Ryan Reynolds returns for another body count bonanza as the profanity spewing Marvel anti-superhero in “Deadpool 2,” a high-octane, absurdly funny sequel that doubles down on the mayhem, co-starring Josh Brolin, Zazie Beetz, Julian Dennison (“Hunt for the Wilderpeople”), T.J. Miller and Karan Soni.
Written by returning screenwriters Rhett Reese and Paul Wernick in collaboration with Reynolds, this explosively funny superhero flick applies the same equation to this outing that made the original such a global juggernaut, resulting in a fast-paced and action-heavy escapade that never misses the opportunity for a dirty joke. Directed by action maestro David Leitch, who most recently helmed “Atomic Blonde” and is listed in the inspired title sequence as one of the men responsible for killing the dog in “John Wick,” this superhero sequel will be divided between audiences who loved the first film and those who found it too jokey and tiresome. Though at times the pop culture referential is to the point of exhaustion, given Reynold’s rowdy portrayal, the introduction of a whole roster of similarly singular characters, and an engaging storyline brimming with action, “Deadpool 2” justifies taking another trip down its decidedly profane path.
After a brief intro wherein Wade Wilson, aka Deadpool (Ryan Reynolds), catches audiences up on his international mercenary exploits in typical fourth-wall breaking fashion, “Deadpool 2” begins with a tragedy that throws a wrench into his family plans with girlfriend Vanessa Carlysle (Morena Baccarin). Ready to give up on life, Wilson is approached by Colossus, who wastes no time recruiting him to the X-Men. His first task: deescalating a situation involving an enraged young mutant named Russell, aka Firefist (Julian Dennison), at an orphanage. When this doesn’t go as planned, Deadpool and Firefist wind up in a high security prison called the Ice Box.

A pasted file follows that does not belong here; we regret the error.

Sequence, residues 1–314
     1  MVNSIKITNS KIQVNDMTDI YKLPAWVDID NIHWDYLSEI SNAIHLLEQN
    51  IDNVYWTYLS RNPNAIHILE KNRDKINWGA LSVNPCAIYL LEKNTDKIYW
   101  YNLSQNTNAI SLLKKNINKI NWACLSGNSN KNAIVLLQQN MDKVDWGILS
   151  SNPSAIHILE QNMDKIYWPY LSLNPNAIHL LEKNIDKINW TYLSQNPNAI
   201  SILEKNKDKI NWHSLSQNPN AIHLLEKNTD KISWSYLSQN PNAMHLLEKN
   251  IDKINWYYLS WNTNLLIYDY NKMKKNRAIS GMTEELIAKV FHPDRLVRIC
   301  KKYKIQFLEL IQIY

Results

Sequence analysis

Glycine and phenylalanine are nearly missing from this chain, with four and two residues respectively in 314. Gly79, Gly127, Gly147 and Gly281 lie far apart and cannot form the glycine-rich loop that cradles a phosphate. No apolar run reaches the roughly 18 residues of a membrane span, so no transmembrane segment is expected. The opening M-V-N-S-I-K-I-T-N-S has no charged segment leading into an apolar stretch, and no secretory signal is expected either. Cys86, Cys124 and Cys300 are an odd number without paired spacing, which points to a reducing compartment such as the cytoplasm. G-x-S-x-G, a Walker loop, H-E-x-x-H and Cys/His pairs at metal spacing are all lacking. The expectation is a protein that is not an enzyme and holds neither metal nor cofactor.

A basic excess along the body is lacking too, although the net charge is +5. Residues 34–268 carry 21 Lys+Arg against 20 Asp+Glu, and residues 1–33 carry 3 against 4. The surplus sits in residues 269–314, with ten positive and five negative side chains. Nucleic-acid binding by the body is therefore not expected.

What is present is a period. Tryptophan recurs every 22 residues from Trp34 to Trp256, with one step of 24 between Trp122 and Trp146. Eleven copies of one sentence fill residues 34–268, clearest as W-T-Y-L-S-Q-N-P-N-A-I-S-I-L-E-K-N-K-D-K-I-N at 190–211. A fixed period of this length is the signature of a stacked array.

Meanwhile, a cybernetic mutant named Cable (Josh Brolin) travels back in time to save his wife and daughter, which can only be achieved by killing Firefist. Consequently, to save Firefist, Deadpool rounds up a team of superheroes that he calls the X-Force, consisting of an unlikely bunch with names like Domino (Zazie Beetz), Bedlam (Terry Crews), Shatterstar (Lewis Tan), Zeitgeist (Bill Skarsgard), and Peter (Rob Delaney). However, due to some unexpected developments and unlikely alliances, the X-Force joins Cable in an effort to stop Firefist and his monstrous mate Juggernaut from following through on their deadly plans against the orphanage headmaster (Eddie Marsan)
“Deadpool 2” definitely test the limits of what is too much of a good thing, doubling down on the formula of crude jokes and feverishly violent action sequences that worked so well the first time around. Working with his biggest budget to date, director David Leitch proves that he can handle a production of this magnitude, and his action background helps these sequences pop that much more than the original, even if they don’t quite reach the heights of the best fight scenes in “John Wick” and “Atomic Blonde.” Some of the action highlights include a rowdy prison brawl, a hysterically ill-plotted skydiving sequence featuring the X-Force in all their clumsy glory, and a battle royale between two fan favorites at the the orphanage.
As the wisecracking mercenary, much like the first film, Ryan Reynolds easily handles all the witty one-liners, action mayhem and winking self-awareness that the role requires. Returning cast members give similarly dependable performances as well, from Karan Soni’s thrill-seeking cabdriver and T.J. Miller’s bartender-confidante to the cuss-dropping Blind Al (Leslie Uggams) and the ever-rebellious Negasonic Teenage Warhead (Brianna Hildebrand). As for new additions, Josh Brolin is unsurprisingly excellent as the time-traveling mutant Cable, Zazie Beetz is pure badass as lucky lady Domino, and Julian Dennison is an absolute blast as the anger-prone Firefist.
“Deadpool 2” doesn’t stray far from its proven formula, but it certainly revels in R-rated mutant mayhem.
By Lucas Mirabella
Running Time: 119 minutes
Rated R for strong violence and language throughout, sexual references and brief drug material.